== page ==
A toxic waste disposal company has been told to clean up its act after being shut down by Victoria's environmental watchdog for breaching regulations.
Bradbury Industrial Services in Melbourne's north have had their licence suspended over several compliance issues, the Environment Protection Authority announced on Thursday.
The company was found to be stockpiling an unlicensed quantity of waste material during an EPA inspection on March 13.
The EPA also found storage containers weren't adequately labelled and were being handled outside the designated area designed to restrict potential spills.
"The community has a right to expect that the management of hazardous and industrial waste is done to a high standard that meets regulations," EPA CEO Cathy Wilkinson said.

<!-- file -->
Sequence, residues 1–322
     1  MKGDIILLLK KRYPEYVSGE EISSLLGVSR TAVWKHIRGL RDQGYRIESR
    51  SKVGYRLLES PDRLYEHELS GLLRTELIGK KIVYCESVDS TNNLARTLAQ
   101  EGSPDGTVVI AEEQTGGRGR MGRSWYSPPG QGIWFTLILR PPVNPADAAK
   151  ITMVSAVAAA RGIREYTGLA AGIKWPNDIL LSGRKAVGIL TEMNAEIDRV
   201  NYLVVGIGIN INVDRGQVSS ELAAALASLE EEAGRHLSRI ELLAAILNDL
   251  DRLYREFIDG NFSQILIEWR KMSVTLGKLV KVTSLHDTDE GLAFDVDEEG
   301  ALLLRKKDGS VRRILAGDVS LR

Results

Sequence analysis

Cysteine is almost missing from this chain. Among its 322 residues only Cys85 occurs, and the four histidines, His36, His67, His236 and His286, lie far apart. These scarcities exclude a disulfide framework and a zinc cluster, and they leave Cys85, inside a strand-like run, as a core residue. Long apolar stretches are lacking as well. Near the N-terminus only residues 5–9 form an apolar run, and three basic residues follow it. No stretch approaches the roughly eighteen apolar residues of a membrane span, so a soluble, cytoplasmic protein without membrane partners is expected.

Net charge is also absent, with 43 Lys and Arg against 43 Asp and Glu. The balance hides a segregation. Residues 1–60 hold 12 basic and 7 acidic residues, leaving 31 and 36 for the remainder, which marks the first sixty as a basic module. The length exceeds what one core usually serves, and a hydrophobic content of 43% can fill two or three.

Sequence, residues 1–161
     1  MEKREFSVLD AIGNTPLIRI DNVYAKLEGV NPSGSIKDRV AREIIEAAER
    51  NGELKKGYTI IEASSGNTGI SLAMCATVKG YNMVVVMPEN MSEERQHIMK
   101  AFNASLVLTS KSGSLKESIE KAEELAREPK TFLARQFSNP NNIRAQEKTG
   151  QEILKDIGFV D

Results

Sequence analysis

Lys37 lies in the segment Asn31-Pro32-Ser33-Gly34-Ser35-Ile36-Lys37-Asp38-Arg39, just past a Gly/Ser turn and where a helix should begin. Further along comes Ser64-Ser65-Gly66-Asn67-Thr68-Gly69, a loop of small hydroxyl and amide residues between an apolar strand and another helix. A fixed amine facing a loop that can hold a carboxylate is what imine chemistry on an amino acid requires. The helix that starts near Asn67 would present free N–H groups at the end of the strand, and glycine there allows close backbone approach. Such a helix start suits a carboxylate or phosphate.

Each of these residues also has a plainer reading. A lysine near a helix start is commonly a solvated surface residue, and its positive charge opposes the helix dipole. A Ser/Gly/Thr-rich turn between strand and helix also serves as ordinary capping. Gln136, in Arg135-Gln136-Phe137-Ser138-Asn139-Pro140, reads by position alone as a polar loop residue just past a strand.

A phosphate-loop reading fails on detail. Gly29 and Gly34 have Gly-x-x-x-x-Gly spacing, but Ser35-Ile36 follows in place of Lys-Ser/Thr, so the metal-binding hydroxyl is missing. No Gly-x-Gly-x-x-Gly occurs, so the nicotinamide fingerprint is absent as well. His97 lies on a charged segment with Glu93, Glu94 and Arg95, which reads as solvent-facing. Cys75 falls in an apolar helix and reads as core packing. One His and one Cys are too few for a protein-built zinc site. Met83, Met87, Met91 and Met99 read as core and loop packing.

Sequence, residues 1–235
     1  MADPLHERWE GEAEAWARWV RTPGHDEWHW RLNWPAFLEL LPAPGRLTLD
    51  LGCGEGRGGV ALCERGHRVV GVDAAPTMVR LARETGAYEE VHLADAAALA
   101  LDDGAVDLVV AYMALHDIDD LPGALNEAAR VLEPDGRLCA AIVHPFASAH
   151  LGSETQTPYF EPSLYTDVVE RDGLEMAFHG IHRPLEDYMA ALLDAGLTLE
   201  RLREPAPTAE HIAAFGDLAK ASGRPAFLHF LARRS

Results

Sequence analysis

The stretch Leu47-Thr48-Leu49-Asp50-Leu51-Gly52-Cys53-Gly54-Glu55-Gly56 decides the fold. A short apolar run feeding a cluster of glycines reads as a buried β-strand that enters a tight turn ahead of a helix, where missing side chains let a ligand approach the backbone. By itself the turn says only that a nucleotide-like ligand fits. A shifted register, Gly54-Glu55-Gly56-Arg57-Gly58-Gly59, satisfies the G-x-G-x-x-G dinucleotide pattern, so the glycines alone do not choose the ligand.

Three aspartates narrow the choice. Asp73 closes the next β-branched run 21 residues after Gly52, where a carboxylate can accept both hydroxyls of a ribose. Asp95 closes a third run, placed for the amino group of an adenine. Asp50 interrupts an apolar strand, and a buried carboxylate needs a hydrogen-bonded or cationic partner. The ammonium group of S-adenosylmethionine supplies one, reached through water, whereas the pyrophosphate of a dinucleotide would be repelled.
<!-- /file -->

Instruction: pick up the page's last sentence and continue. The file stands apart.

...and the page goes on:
"This was not the case with Bradbury and is why EPA has taken this important decision."
Ms Wilkinson said Bradbury's licence would be reinstated once the EPA is satisfied they've taken the "necessary steps" to meet regulations.
AAP contacted Bradbury but they declined to comment.
The business shutdown comes as authorities continue to clean up a major stockpile of hazardous and flammable chemicals in the area.
Eight warehouse in Campbellfield and neighbouring Epping are now estimated to hold 19 million litres of toxic waste, more than originally thought.
About 800,000 litres of the waste has been removed since the operation started in early February, according WorkSafe Victoria's latest update on Tuesday.
The stockpile was uncovered on December 28, following multi-agency investigations into August's toxic West Footscray factory fire.